Can't handle Skritter due items. Bug?


For the last month I’ve been pretty much struggling to get my due items done daily. I spend like 40-60 minutes daily (split in 2-3 sessions) just to clear out the list, without getting to add any new word. I estimate my amount of daily due items is somewhere between 300-400. I thought this might have happened because I have a lot of vocabulary, but a friend who has just a few hundreds less (we’re talking of numbers below 1000 words) is getting just 40-60 due items per day.

I’ve became a “slave” of the due items and I wanted to get clear if this can be a bug or what. Because sincerely, I don’t think this is helping me progress on my Chinese. But the opposite, really making me consider if I should let Skritter go.

This is a screenshot of what Skritter 1.0 calculated yesterday that would be my due items for the next weeks and what it has calculated today:

As you can see, the due items for the following days have increased considerably without adding new words.

I really don’t know what to do, the situation is unbearable. I can’t believe this is normal as I might have to spend more than 2 hours daily if I want to make any progress.

Anyone can help me? Thanks!

You could try lowering your retention rate a bit which will generate less reviews, that might be a good idea if you’re finding that you are remembering them well at the default retention rate. Do you recall if the number of reviews marked as incorrect yesterday would line up with the number of new reviews calculated today?

Not sure how can I check that?

I’ve made a new screenshot to the due items planned and it’s increased again. 444 for today. I don’t feel this is normal :S

How can the reviews planned for the same day (Saturday) increase in three days from 174 to 391 and then to 444?

@Jeremy of course hit on the important point and what you can do about the size of your queue, but perhaps I can elaborate on what’s going on and how you can think about your queue’s behavior.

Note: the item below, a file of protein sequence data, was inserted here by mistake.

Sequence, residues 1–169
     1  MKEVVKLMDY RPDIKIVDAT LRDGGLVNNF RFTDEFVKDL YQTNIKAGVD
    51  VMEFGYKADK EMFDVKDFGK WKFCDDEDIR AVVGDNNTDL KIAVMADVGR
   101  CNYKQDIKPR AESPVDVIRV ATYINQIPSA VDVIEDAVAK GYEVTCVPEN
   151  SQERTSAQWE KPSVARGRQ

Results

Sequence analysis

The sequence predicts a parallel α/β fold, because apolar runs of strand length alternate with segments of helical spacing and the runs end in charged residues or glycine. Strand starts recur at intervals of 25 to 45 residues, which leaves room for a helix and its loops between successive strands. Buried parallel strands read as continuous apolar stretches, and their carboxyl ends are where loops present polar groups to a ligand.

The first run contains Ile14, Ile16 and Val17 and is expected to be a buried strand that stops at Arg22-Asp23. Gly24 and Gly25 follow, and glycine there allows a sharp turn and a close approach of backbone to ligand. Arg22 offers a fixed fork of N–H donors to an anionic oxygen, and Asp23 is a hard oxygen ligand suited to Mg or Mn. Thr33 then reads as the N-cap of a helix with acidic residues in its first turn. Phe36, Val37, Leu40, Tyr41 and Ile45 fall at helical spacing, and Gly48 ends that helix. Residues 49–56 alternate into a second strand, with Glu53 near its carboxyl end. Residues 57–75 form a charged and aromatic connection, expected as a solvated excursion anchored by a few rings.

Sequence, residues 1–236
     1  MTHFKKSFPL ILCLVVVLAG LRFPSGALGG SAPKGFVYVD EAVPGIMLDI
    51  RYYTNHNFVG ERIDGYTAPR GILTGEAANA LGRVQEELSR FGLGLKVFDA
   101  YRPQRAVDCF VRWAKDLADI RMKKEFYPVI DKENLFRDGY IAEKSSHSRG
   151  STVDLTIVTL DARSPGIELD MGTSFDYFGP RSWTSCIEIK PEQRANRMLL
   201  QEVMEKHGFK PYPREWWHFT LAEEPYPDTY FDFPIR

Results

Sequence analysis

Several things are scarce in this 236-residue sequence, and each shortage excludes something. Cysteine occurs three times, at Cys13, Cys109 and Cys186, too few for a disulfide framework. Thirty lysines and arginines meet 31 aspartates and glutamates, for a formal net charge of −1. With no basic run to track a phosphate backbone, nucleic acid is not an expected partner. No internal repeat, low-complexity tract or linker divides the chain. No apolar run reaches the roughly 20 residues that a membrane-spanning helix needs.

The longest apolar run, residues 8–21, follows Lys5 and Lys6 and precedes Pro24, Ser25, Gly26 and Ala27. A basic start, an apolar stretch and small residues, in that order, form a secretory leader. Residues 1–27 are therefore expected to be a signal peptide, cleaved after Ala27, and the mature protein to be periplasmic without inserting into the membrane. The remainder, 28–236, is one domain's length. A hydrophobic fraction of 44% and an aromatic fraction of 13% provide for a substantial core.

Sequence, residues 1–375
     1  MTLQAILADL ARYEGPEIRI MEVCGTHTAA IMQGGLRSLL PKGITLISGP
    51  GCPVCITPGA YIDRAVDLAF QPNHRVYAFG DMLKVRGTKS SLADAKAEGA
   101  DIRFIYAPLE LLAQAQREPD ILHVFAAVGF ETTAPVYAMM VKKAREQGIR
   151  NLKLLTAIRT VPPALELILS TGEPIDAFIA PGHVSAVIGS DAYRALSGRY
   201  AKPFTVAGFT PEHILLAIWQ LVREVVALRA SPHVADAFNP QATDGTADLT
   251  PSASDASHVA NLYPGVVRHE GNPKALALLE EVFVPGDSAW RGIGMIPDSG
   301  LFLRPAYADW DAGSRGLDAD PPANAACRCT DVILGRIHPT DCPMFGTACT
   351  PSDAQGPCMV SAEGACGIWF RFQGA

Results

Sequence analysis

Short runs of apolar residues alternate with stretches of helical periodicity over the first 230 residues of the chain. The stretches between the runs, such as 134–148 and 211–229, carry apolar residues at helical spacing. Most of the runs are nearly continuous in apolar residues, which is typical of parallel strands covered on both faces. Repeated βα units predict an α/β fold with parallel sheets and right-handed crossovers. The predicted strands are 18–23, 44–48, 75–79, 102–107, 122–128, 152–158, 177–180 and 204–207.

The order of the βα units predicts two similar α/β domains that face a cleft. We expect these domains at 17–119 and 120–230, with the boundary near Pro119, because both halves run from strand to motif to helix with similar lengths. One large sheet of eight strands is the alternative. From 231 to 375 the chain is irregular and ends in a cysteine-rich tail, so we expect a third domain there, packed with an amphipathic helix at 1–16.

When you study an item, no matter what grade you give it, it needs to become due on some day in the future. Sooner if you forgot it, and later if you remembered it. That item is then added to the set of items that were already scheduled to be due on that future day (if within the next eight weeks, it will be included in that graphic you’re referencing). When you’re learning new words, it’s reasonable you will get a lot of items added to the planned reviews for the next few days. The retention rate @Jeremy mentioned determines how far in the future the items will become due again; a lower retention rate pushes reviews further into the future.

An important question is: when you’re studying and your number of items due is above zero, are all the items actually due? And is it reasonable they are due (that is, you recently forgot them or you got it right and it’s been a good amount of time since you last saw it)? If those aren’t true, then there could be something fishy going on.

Two more points I’ve picked up over the years of using Skritter that I think could seem to inflate your number of items due and reviews planned for a day.

  1. When a “word” has multiple parts (Kanji or kana in Japanese; don’t know the term in Chinese), each part could be “due.” So once you study that multi-part word, it counted for and takes off more than one in your number of items due (similarly for the number of reviews planned for a day).

  2. Skritter schedules all the different ways to study a word (reading, writing, definition, and I think tone for Chinese), but it doesn’t test you on different ways of the same item close to each other, since that’s not really helpful. For example, say you have both the reading and definition for an item due. You study the item’s reading, and you notice your queue decreases by two. That is because, behind the scenes, in addition to scheduling the reading at a later date, Skritter also pushed the definition for that item into the future. Although it’s been long enough since you saw the definition, it isn’t due anymore (@Jeremy could perhaps elaborate more on formulas involved or how far it will get pushed; I just have a qualitative understanding of the behavior).